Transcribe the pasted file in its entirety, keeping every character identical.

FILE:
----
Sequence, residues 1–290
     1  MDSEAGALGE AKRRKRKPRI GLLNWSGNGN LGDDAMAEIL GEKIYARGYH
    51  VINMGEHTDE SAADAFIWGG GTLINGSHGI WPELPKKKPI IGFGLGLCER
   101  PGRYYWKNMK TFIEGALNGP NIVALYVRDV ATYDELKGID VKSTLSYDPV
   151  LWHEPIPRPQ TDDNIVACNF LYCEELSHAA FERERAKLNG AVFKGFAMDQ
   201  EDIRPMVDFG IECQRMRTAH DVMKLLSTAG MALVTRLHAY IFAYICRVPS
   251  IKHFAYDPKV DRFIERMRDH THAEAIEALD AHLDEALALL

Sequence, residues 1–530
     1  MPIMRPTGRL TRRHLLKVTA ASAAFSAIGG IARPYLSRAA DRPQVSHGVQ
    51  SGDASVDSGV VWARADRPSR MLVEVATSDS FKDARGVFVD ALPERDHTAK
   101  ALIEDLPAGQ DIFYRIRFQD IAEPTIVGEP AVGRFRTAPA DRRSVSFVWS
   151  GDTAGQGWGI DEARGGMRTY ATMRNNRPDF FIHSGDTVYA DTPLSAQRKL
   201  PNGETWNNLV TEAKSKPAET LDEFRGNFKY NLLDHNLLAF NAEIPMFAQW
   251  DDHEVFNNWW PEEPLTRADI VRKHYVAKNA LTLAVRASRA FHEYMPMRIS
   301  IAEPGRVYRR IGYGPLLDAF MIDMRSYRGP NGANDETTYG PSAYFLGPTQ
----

Sequence, residues 1–290
     1  MDSEAGALGE AKRRKRKPRI GLLNWSGNGN LGDDAMAEIL GEKIYARGYH
    51  VINMGEHTDE SAADAFIWGG GTLINGSHGI WPELPKKKPI IGFGLGLCER
   101  PGRYYWKNMK TFIEGALNGP NIVALYVRDV ATYDELKGID VKSTLSYDPV
   151  LWHEPIPRPQ TDDNIVACNF LYCEELSHAA FERERAKLNG AVFKGFAMDQ
   201  EDIRPMVDFG IECQRMRTAH DVMKLLSTAG MALVTRLHAY IFAYICRVPS
   251  IKHFAYDPKV DRFIERMRDH THAEAIEALD AHLDEALALL

Sequence, residues 1–530
     1  MPIMRPTGRL TRRHLLKVTA ASAAFSAIGG IARPYLSRAA DRPQVSHGVQ
    51  SGDASVDSGV VWARADRPSR MLVEVATSDS FKDARGVFVD ALPERDHTAK
   101  ALIEDLPAGQ DIFYRIRFQD IAEPTIVGEP AVGRFRTAPA DRRSVSFVWS
   151  GDTAGQGWGI DEARGGMRTY ATMRNNRPDF FIHSGDTVYA DTPLSAQRKL
   201  PNGETWNNLV TEAKSKPAET LDEFRGNFKY NLLDHNLLAF NAEIPMFAQW
   251  DDHEVFNNWW PEEPLTRADI VRKHYVAKNA LTLAVRASRA FHEYMPMRIS
   301  IAEPGRVYRR IGYGPLLDAF MIDMRSYRGP NGANDETTYG PSAYFLGPTQ